In the latest episode of ‘Brilliant Ideas’ on Bloomberg, the weekly videos centering on internationally acclaimed artists, Tiffany Chung was introduced comprehensively as such:
Artist, researcher and historian Tiffany Chung has made a name for herself with her stunning cartographic works. Her experience as a Vietnamese refugee has influenced the subjects of her art. Her work examines conflict, migration and urban transformation in relation to history and cultural memory. She is a contemporary artist whose work crosses many mediums including video and performance art, embroidery and beadwork on canvases, and sculptures and archaeological discoveries. (Source: Bloomberg)
Post Vidai is glad to announce that the work ‘AK47 .vs M16’ of the collection is traveling to Dublin on the occasion of the exhibition ‘Design and Violence’ at Science Gallery Dublin co-produced with MoMa New York.
Here is an excerpt about the thought-provoking exhibition:
‘This is an exhibition of objects and systems at the intersection of design and violence. In defining these terms, we push at both their boundaries. Violence is identified here as both deliberate harm caused to a person or thing, and as a byproduct or unintended consequence. Violence may occur in spectacular outbursts in other places, in explosions and civil unrest — but as this exhibition shows, it underpins the normal order of things in the places we live, too. The products we buy and the systems in which we participate may cause harm elsewhere and out of sight. Design is something this exhibition finds in many places. It is not just the preserve of professionals, or found only in ‘designer’ objects. Design can be located in the most ubiquitous, ordinary actions and things around us. The exhibition identifies both the forces that help shape design, and the effects designed objects and systems have on our everyday lives. Here, too, we pay attention to unintended consequences, and to the fact that while design can do good, it can also be used to do bad things well.
DESIGN AND VIOLENCE at Science Gallery Dublin has been developed by Ralph Borland, Lynn Scarff and Ian Brunswick and is based on an online curatorial experiment originally hosted by The Museum of Modern Art, New York, and led by Paola Antonelli, Senior Curator, Department of Architecture and Design, and Jamer Hunt, Associate Professor, Transdisciplinary Design, School of Design Strategies, Parsons The New School. The project has invited experts from fields as diverse as science, philosophy, literature, music, film, journalism, and politics to respond to selected design objects and spark a conversation about them. Noting the history between the two themes, the exhibition seeks to explore the relationship between design and the manifestations of violence in contemporary society.’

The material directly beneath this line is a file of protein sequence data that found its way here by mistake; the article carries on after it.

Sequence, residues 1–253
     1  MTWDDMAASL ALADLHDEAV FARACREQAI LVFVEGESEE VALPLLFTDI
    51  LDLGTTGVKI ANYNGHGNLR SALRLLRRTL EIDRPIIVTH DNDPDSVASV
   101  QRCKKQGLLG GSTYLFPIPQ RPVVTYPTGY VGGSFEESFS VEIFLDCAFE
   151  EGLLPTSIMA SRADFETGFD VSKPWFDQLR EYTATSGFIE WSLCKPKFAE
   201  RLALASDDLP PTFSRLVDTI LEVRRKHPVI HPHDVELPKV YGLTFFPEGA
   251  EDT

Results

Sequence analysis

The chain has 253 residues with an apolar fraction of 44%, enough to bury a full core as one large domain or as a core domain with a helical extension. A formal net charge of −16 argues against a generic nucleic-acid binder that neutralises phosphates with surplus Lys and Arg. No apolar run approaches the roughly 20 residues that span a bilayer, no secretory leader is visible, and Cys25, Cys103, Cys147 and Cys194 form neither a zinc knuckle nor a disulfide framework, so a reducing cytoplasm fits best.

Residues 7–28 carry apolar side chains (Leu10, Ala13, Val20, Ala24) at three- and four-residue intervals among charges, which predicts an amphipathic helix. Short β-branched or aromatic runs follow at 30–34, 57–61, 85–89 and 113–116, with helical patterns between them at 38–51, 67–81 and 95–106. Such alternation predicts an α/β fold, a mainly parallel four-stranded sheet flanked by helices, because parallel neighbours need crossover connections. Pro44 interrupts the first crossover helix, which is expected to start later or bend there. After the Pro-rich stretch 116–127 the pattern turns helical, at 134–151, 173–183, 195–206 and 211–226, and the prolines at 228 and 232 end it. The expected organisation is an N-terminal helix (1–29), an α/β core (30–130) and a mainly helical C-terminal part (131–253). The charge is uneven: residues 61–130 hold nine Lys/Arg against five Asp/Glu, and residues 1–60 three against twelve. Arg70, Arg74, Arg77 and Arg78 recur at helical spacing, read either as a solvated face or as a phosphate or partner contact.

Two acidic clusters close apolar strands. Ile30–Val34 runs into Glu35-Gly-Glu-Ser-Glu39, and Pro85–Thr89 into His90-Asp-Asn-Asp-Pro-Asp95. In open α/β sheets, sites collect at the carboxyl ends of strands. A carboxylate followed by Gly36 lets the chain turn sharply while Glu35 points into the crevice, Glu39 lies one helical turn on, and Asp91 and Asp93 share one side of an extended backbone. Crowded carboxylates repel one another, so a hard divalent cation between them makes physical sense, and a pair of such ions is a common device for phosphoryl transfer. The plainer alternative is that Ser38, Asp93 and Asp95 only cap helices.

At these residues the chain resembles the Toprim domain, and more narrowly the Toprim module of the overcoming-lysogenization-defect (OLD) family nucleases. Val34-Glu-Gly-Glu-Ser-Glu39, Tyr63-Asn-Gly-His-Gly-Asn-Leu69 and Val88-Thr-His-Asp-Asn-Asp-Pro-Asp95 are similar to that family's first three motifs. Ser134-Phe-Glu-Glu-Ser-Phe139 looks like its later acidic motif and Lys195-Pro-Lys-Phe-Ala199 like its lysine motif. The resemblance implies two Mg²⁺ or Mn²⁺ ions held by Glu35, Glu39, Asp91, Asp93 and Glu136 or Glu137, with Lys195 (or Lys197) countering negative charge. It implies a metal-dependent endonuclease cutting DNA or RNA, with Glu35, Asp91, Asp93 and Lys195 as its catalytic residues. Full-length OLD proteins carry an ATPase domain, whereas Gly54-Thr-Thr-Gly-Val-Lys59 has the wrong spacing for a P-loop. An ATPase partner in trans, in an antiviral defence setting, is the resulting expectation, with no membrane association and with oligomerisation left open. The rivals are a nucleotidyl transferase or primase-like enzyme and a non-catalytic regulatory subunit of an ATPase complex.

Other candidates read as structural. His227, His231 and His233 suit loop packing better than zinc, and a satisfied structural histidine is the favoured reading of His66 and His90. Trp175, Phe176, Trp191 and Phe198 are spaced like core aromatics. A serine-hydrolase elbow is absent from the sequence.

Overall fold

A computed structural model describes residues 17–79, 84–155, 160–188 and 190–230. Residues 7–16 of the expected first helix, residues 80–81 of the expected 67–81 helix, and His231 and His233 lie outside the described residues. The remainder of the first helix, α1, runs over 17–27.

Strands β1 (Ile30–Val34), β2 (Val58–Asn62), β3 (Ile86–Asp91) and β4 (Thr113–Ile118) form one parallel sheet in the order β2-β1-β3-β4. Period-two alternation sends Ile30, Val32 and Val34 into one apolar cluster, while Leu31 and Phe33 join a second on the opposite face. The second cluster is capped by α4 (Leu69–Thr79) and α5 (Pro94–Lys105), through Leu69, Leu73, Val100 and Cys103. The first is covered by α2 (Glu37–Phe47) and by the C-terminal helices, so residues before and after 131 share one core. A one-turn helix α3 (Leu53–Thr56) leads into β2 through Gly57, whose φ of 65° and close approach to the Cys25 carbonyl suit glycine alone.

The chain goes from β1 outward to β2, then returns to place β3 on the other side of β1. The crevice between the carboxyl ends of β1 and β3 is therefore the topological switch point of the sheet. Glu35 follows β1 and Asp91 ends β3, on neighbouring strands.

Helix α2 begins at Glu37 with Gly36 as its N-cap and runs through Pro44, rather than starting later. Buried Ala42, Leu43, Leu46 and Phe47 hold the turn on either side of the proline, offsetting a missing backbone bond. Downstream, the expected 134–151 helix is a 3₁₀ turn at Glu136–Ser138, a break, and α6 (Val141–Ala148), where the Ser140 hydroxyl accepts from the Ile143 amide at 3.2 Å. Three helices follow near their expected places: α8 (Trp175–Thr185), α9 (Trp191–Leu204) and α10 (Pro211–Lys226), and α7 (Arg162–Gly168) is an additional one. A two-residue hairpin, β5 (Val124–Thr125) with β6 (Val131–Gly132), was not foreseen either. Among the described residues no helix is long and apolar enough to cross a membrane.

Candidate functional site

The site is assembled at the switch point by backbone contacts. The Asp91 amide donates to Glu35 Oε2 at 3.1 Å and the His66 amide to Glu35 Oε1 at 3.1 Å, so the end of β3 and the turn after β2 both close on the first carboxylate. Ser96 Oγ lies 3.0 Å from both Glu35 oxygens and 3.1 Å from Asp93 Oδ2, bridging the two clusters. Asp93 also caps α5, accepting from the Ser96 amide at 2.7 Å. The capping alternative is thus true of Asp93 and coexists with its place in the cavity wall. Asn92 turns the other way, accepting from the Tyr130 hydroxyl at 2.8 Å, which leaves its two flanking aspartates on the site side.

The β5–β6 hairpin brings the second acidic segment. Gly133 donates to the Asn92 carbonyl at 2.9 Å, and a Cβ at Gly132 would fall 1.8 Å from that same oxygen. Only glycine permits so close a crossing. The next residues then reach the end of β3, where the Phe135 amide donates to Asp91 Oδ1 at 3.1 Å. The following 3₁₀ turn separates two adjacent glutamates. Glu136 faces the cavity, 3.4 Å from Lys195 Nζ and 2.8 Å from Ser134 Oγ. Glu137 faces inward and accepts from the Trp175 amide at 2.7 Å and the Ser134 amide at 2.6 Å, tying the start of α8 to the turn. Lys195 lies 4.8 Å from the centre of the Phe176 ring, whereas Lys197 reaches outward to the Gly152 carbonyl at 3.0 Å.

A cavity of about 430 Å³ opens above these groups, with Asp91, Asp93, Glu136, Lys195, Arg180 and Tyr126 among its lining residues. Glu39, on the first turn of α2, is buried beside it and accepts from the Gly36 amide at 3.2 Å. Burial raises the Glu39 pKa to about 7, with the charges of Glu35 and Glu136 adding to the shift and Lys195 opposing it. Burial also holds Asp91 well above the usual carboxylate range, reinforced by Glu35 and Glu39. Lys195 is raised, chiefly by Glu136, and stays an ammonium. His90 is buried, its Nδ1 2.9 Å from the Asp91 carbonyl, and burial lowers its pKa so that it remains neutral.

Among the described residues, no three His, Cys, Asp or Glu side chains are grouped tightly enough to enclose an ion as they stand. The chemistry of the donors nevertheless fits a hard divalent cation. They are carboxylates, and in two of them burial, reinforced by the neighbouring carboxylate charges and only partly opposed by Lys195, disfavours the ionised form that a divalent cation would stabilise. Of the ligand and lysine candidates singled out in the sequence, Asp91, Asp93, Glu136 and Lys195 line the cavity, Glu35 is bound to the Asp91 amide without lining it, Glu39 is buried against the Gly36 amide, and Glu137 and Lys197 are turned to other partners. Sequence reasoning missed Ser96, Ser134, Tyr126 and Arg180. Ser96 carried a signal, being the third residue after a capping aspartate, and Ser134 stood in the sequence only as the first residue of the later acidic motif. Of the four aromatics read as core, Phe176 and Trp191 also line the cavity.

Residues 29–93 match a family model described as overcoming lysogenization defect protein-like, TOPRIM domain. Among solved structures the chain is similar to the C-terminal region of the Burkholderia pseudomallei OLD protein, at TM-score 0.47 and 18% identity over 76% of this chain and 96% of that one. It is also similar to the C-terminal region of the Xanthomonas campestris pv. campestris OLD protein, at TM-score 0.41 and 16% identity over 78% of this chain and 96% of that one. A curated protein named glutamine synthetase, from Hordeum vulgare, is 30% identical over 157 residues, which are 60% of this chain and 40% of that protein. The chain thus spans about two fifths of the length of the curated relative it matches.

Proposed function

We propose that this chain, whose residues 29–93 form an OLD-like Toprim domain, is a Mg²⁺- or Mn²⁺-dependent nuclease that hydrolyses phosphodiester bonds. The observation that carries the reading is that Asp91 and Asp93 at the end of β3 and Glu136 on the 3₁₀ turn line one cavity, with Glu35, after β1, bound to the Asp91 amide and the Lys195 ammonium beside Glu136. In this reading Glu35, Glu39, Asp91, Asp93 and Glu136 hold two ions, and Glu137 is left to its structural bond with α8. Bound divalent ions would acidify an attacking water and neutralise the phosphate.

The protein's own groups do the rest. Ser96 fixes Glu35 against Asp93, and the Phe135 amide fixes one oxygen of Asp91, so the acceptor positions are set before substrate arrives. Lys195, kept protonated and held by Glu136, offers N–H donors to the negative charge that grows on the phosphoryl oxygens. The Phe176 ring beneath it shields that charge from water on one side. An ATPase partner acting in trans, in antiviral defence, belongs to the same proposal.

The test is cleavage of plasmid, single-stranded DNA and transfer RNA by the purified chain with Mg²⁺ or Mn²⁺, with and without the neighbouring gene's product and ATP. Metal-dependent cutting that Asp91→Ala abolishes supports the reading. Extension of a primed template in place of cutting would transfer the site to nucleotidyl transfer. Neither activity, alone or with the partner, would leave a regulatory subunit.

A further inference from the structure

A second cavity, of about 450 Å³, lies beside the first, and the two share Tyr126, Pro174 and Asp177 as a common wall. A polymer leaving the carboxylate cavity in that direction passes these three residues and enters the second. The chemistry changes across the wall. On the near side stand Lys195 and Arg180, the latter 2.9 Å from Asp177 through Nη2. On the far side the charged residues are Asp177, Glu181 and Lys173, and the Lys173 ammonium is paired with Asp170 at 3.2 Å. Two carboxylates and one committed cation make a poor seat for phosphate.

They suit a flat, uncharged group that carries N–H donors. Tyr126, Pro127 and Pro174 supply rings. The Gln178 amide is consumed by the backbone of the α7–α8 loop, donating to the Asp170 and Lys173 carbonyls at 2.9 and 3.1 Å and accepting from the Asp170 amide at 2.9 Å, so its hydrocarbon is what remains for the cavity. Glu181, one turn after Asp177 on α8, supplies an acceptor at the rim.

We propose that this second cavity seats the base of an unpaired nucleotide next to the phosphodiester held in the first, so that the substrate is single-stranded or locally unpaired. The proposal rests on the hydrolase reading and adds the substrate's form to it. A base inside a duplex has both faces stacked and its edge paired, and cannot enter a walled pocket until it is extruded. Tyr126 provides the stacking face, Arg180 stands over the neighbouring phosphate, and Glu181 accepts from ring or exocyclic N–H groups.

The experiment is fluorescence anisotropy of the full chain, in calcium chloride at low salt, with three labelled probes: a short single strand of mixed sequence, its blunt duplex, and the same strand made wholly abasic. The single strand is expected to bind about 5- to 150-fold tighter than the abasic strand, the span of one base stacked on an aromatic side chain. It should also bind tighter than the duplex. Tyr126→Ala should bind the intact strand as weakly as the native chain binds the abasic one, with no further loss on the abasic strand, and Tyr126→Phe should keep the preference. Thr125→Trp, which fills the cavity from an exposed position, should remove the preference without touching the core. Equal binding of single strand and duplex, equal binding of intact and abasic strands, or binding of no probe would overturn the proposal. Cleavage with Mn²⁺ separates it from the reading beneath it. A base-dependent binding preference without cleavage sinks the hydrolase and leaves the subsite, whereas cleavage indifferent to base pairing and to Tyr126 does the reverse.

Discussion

Post Vidai would love to congratulation young artist Thao Nguyen Phan for her major achievement being chosen as visual artist of The Rolex Mentor and Protégé Arts Initiative 2016, which was created to assist extraordinary, rising artists to achieve their full potential by pairing them with great masters for a year of creative collaboration. Throughout the year, she will be mentored by legendary performance artist Joan Jonas. Rolex reveals:
‘Seven new protégés are starting extraordinary creative journeys with their mentors, artists who are among the best in the world. Seven highly gifted young artists from four continents are about to join one of the world’s leading arts philanthropy programmes, bringing to a total of 50 the number of young talents who have participated in the Rolex Arts Initiative since its launch in 2002. The new protégés – a Swiss architect, a writer from Brazil, a Peruvian musician, a dancer from South Africa, an Argentinian/Spanish theatre artist, a film-maker from India and a Vietnamese visual artist – are being mentored by some of the most acclaimed figures in the contemporary arts worldwide: British architect Sir David Chipperfield, Israeli choreographer Ohad Naharin, Mexican film director Alfonso Cuarón, poet and novelist Mia Couto, from Mozambique, American composer Philip Glass, Canadian theatre director Robert Lepage and American performance and video artist Joan Jonas. The young artists, one for each of the programme’s seven disciplines, are aged from 22 to 36. The Rolex Arts Initiative will give the mentor-protégé pairs funding and logistical support, enabling them to spend at least six weeks working together, though many of mentoring pairs often spend much more. Each mentoring pair will have the liberty to decide how best to use their time in the most creative and productive way possible. At the end of the 12 months, each of the protégés will create or produce a work or performance that will be part of a Rolex Arts Weekend in late 2017.’